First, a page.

Pop culture obsessives writing for the pop culture obsessed.
Pop culture obsessives writing for the pop culture obsessed.

All Good Things

Illustration for article titled All Good Things

The tabloid nickname writes itself: “The Millionaire Murderer.” Robert Durst, the eccentric heir to a real-estate fortune worth several hundred million dollars, has been questioned or tried over the fates of three different people: His first wife, who disappeared mysteriously in 1982 and never resurfaced, his closest female friend, who was found shot execution-style in Los Angeles in 2000, and an elderly neighbor in Galveston, Texas, whose body parts were found floating in the bay in 2001. Only that last crime yielded any prison time, and that was for improperly disposing of the body; a jury acquitted him on murder charges, convinced that he acted in self-defense. And these are just the broad outlines of a lurid story that includes cross-dressing, suicide, schizophrenia, and an almost Shakespearean level of family tragedy and treachery.

Making his narrative feature debut, Capturing The Friedmans director Andrew Jarecki seems like the perfect man for the job, someone skilled in finding the nuance and complicated blood bonds behind a sensationalistic story. But All Good Things, his long-on-the-shelf dramatization of the Durst case, proves disappointingly timid. With names changed to protect the innocent (and the most likely guilty), the film stars Ryan Gosling as David Marks, the reluctant heir to a property empire built mainly on Times Square properties of ill repute. In the early ’70s, a rebellious young David seeks to escape his destiny by marrying a commoner (Kirsten Dunst) and opening a health-food store in Vermont. But when the family business—led by his domineering father, played by Frank Langella—lures him back to New York, David’s behavior grows more erratic and his marriage starts to fall apart, making him a prime suspect when his wife disappears.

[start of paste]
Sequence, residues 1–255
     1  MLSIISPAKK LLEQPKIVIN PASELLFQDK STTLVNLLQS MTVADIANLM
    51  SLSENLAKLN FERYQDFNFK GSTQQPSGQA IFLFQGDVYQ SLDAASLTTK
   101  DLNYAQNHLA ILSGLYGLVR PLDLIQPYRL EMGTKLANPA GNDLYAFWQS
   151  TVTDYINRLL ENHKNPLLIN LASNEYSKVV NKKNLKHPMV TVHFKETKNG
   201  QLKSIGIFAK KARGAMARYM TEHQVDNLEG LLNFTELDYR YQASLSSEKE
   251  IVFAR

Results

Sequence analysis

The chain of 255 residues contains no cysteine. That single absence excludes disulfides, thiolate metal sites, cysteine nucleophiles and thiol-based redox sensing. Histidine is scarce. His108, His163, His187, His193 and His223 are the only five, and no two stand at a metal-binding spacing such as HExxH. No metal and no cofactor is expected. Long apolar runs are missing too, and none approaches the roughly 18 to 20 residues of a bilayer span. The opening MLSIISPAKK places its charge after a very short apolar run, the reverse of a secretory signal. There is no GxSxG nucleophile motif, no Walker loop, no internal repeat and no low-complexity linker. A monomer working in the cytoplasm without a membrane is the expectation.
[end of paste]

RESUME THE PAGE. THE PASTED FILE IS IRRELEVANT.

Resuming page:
All Good Things is unambiguous about David’s guilt, but Jarecki and his screenwriters, Marcus Hinchey and Marc Smerling, work hard to detail the corrosive influences to David’s psyche, starting with having to witness his mother’s suicide at a young age. Yet their attention to motives that aren’t, in the end, all that sophisticated robs the film of any pulp momentum. Here’s a story about a man who befriended and eventually killed a Texan while going incognito as an exceptionally frumpy woman, then was eventually nabbed shoplifting a chicken-salad sandwich while carrying more than $500 in his pocket. Why underplay that?